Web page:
Charles Dickens unpublished letters

The 25 unpublished letters are part of a huge collection of manuscripts, books from his library and personal items.
They have been in London and will go on display later in the year.
The acquisition is being announced to mark the writer’s birthday on Friday.
While he was writing A Christmas Carol, Dickens sent a letter dated 9 November 1843 to a close friend.
“I have half done the Christmas Book, and am resting for two days before going to Chuzzlewit [Martin Chuzzlewit, his sixth novel] – that is, if I can call anything rest, with that before me.

Image copyright Charles Dickens Museum Image caption An envelope from Dickens’ letters talking about the progress of A Christmas Carol
“Yesterday I walked a great deal. Today I am going out on horseback, for a thirty mile ride.”
Cindy Sughrue, director of the Charles Dickens Museum, says the letters shed light on Dickens’ “creative process” and help answer the question “what did he do to enable himself to write?”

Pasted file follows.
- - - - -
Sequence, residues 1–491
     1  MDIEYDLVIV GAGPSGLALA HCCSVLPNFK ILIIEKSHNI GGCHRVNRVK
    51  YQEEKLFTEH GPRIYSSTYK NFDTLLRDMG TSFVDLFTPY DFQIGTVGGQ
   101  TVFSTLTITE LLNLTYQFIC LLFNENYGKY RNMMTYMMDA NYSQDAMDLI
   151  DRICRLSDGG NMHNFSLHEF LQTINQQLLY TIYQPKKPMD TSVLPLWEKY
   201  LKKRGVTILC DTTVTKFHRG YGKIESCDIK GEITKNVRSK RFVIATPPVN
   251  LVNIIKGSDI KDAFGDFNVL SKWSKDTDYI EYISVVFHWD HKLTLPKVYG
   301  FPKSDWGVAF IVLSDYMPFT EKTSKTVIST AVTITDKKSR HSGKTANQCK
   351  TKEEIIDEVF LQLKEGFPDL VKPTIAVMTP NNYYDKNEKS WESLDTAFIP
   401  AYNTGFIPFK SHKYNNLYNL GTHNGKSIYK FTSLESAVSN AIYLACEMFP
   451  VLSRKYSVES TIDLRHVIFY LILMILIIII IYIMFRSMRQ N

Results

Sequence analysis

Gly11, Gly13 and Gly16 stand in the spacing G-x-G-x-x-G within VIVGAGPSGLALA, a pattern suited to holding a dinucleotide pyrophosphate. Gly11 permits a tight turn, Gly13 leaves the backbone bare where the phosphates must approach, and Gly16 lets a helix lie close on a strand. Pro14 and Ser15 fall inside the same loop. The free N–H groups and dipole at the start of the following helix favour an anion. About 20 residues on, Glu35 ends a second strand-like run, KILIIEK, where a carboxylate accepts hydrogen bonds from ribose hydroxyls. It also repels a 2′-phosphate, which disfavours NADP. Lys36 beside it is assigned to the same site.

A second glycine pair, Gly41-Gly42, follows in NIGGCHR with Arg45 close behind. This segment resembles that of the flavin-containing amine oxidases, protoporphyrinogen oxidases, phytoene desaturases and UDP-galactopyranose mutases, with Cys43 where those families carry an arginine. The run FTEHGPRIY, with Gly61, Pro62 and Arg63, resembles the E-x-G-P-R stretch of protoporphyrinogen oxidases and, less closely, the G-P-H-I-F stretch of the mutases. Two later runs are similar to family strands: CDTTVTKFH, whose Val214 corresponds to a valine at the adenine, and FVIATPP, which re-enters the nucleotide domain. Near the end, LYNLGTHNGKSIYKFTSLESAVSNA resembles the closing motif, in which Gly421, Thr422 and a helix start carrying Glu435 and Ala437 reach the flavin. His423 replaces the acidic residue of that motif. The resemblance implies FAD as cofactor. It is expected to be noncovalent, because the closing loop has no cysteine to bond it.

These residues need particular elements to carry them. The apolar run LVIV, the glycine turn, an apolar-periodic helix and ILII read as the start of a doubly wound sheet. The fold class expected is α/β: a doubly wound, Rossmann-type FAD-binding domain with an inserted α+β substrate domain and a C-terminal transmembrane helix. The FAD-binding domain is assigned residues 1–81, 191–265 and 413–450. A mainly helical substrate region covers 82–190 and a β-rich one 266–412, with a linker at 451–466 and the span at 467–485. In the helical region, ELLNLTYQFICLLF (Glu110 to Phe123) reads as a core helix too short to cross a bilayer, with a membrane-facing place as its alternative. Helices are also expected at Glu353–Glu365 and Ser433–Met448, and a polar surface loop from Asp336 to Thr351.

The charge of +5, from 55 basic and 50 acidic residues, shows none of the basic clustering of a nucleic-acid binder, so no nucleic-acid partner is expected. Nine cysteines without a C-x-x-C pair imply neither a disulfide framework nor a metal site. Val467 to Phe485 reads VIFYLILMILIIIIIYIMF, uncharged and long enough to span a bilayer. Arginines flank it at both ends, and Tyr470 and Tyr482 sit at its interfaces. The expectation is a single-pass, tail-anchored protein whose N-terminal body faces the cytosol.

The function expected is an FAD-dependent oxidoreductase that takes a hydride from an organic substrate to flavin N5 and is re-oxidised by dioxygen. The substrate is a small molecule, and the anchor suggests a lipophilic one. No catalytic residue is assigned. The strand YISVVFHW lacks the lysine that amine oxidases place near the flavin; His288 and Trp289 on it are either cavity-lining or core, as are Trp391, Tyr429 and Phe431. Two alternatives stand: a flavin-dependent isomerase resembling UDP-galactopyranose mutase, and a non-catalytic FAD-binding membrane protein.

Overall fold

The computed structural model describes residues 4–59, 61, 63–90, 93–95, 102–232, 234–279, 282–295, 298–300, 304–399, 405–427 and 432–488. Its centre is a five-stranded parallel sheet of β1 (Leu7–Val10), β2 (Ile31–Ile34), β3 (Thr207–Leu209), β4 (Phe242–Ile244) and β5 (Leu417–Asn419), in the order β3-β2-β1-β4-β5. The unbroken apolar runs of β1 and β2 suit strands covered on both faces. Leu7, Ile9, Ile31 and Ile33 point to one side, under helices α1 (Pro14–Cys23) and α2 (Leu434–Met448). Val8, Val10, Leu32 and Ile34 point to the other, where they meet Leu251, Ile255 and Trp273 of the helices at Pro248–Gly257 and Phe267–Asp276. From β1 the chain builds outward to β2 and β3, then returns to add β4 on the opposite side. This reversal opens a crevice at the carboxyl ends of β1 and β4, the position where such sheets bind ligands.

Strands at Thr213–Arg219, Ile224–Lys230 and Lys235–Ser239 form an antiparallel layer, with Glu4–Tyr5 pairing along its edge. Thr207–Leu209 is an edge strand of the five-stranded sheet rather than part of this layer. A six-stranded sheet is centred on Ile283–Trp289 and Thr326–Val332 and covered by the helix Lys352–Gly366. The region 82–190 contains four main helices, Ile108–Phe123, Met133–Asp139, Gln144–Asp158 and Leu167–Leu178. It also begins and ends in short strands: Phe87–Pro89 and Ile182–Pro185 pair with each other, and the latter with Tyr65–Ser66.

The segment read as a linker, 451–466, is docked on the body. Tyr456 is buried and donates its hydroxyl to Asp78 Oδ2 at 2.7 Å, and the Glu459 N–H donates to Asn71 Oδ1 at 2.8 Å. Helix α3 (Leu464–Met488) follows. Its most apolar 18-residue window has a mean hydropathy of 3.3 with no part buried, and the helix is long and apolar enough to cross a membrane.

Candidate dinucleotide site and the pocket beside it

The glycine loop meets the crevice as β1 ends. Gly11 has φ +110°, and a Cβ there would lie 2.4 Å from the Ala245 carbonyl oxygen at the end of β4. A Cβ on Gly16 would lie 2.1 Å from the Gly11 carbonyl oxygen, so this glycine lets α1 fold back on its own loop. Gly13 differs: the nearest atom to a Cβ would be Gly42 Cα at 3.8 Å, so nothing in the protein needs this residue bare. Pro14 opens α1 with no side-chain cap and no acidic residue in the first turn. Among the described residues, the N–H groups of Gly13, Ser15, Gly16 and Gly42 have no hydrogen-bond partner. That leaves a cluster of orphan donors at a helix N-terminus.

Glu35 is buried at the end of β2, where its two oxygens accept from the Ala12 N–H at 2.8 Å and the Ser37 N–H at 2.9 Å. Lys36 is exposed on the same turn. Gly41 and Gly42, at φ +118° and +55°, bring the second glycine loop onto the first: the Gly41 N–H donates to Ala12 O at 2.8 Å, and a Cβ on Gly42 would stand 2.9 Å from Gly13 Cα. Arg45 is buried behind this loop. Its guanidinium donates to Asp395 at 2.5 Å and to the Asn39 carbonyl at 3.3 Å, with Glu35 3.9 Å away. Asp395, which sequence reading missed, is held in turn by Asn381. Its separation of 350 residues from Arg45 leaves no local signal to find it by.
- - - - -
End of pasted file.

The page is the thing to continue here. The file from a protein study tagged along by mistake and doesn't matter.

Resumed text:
Exercise was clearly important. Another letter was written in 1846 when Dickens and his family went to stay in Switzerland for several months. At the time he was starting work on Dombey and Son.
“It is a tough day, but it is a great thing to get rid of the heat… I may perhaps take a boat for exercise, this evening after dinner…” Dickens wrote.
Sughrue finds fascinating Dickens’ ability to keep on working, no matter what his circumstances.
“It’s this mixture of being on holiday… enjoying a completely different culture and still ‘writing his head off’ and meeting those publication deadlines throughout,” she says.

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